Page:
No more plane, train and automobile journeys to Brisbane
Some cancer patients in regional Queensland are now able to receive treatment closer to home thanks to a new tele-chemotherapy service.
Longreach resident Sharon Rose was the first patient treated under the Central West Hospital and Health Service’s new tele-chemotherapy service.
She began her treatment at Longreach Hospital this week, supported by specially trained local staff, as well as expert staff on a video link from Royal Brisbane and Women’s Hospital and North Lakes Health Precinct.
“It means I’ll be able to drive just five minutes down the road from home to Longreach Hospital to have my treatment,’’ Ms Rose said.
“Previously, I was travelling to Royal Brisbane and Women’s Hospital by plane, train and automobile every three weeks for treatment and have been doing so since August last year.
“Travelling to Brisbane every three weeks means being away from home for two nights and close to four days each time.
“It’s a long journey for a treatment that takes only up to 35 minutes to administer.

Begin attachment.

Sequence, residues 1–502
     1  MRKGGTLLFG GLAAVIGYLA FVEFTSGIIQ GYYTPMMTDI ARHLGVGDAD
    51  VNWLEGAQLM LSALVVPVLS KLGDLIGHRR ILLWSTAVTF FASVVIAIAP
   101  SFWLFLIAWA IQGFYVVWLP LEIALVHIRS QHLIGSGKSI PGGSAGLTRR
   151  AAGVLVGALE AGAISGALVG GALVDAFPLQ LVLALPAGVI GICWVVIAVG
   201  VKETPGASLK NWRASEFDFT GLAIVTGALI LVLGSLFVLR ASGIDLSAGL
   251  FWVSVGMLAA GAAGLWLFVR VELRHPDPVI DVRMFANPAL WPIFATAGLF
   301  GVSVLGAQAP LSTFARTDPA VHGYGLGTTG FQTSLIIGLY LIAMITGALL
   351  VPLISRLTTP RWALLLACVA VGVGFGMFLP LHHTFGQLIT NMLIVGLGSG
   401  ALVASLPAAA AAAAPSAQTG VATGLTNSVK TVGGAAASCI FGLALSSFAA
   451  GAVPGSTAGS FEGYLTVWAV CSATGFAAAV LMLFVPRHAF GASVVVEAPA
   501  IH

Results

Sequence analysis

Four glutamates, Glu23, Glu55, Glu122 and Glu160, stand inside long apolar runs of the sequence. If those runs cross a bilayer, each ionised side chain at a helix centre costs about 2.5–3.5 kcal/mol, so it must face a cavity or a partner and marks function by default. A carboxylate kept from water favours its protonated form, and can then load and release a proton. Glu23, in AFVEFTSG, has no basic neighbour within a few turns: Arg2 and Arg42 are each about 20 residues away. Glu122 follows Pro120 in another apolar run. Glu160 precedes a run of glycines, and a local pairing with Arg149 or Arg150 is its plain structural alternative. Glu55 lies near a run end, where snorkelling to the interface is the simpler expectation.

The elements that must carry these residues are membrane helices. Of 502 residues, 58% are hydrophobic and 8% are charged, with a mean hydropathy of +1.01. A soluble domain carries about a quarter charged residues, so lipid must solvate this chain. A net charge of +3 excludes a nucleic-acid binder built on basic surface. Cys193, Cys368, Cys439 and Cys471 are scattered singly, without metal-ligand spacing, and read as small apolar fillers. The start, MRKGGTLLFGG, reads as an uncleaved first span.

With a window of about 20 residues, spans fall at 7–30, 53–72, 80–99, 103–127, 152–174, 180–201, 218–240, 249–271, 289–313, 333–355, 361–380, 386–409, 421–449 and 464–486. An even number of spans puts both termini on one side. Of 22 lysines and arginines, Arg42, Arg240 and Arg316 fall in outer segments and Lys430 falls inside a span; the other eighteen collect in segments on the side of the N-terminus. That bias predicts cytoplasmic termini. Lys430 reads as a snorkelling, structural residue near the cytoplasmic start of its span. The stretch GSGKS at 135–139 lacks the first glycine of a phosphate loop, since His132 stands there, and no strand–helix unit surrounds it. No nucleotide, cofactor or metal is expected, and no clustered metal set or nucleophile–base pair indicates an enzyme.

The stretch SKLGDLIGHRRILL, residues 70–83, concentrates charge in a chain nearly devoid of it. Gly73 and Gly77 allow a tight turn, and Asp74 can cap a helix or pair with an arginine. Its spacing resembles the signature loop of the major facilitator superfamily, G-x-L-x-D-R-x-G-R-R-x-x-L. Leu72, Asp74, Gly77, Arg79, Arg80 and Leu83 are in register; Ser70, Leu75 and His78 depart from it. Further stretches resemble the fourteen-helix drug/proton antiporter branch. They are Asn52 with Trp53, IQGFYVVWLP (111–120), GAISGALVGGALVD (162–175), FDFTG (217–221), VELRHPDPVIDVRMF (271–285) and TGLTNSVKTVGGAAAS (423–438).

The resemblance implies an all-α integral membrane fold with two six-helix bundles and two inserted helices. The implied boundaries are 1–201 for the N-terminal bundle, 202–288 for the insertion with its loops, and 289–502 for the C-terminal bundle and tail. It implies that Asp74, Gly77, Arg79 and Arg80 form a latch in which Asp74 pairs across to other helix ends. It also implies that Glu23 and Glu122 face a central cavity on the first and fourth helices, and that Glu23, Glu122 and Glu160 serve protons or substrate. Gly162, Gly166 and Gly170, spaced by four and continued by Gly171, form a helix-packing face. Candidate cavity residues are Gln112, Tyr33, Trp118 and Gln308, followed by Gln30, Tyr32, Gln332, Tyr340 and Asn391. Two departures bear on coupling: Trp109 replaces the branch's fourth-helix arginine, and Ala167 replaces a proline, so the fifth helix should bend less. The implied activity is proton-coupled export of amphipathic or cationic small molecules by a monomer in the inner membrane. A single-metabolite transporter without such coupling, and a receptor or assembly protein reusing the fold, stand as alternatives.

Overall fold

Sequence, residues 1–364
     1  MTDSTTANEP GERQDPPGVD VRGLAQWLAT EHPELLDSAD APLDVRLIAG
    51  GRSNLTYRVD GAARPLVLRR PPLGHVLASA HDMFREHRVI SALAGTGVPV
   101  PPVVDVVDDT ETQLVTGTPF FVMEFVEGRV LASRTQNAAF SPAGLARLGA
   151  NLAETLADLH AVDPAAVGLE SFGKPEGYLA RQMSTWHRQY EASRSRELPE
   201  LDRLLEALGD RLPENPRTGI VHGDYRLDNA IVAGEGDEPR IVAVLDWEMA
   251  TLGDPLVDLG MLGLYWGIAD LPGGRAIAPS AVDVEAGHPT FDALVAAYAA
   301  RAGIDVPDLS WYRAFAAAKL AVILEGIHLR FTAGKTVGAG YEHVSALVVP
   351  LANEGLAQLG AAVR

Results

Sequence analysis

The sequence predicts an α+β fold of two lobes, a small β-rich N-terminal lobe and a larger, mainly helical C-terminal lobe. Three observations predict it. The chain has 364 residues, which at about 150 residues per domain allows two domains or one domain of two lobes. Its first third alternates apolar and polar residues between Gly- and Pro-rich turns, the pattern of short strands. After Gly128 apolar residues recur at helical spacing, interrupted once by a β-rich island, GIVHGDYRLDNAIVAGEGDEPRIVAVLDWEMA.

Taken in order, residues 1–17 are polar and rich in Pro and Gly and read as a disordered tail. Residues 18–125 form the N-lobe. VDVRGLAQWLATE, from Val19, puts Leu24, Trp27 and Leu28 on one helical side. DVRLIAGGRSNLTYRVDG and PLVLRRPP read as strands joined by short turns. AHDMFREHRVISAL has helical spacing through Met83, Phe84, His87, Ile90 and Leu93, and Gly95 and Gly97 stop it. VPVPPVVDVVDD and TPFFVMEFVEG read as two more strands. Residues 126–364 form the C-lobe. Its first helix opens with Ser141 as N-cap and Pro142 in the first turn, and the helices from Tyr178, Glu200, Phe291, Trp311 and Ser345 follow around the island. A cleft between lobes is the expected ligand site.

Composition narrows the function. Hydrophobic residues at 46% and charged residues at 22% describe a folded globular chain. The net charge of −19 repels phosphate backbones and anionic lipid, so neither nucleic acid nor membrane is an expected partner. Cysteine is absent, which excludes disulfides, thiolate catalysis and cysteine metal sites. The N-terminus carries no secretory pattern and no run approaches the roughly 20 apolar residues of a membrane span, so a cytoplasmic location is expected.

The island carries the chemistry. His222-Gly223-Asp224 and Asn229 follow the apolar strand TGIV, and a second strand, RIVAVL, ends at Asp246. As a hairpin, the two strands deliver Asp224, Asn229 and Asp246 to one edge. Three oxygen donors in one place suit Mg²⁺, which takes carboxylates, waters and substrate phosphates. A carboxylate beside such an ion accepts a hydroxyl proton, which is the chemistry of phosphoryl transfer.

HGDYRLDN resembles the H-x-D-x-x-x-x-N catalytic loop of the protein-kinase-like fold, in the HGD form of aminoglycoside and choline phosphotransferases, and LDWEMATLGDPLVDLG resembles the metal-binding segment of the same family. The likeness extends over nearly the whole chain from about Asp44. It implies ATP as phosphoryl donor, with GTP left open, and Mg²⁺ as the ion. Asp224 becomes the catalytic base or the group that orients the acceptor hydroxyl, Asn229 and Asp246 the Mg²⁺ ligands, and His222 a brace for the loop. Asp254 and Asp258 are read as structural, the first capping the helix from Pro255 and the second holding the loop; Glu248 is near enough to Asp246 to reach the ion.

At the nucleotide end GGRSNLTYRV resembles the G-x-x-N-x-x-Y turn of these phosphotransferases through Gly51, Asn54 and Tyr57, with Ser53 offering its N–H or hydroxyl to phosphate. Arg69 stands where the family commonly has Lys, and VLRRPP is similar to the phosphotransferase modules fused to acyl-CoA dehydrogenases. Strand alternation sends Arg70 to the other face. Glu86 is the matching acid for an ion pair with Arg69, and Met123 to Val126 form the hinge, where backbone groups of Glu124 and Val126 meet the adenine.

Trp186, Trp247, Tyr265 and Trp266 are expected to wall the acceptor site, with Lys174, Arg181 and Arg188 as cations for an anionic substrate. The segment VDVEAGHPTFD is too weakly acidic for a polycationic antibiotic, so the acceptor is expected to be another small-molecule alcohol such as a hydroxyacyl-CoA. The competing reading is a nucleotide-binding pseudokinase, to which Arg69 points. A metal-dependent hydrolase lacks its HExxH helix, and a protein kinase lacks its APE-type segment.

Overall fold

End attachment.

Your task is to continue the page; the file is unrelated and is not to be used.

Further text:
“To be able to have the treatment in Longreach instead will be so beneficial, especially if I’m not feeling well and having to worry about travelling and taking time off work.
“Having me home, my family, my husband and two sons, also will have less worries with me travelling so often.’’
Central West Health Tele-Chemotherapy Project Officer Irene Scott said the new service would benefit up to 20 patients a year initially.
“Travelling to Brisbane or any other large regional centre, frequently can be a significant practical, emotional and financial burden for anyone and even more so if you have a family, a job, or other such responsibilities,” Ms Scott said.
“It will be so much easier being able to do it closer to home.’’
The Central West’s new tele-chemotherapy services is a partnership with Metro North Hospital and Health Service.
The service allows nurses to administer cancer-fighting drugs locally in Longreach while being guided and advised over a video link by medical oncologists and expert chemotherapy nurses at RBWH and North Lakes Health Precinct.
The tele-chemotherapy program will be available at Longreach Hospital to begin with and then be progressively rolled out to the Barcaldine, Blackall and Winton facilities.
Ms Scott said not all cancer patients would be eligible to use the new tele-chemotherapy service.
“The program is ideal for those patients receiving certain low-risk therapies, like Ms Rose,” she said.
“Other patients requiring more complex therapy will still need to travel to a more specialised cancer care centre outside our health service for their treatment.
“However, for those of our patients who suit the criteria, the new service will make a very big difference indeed and we are looking forward to start delivering it.’’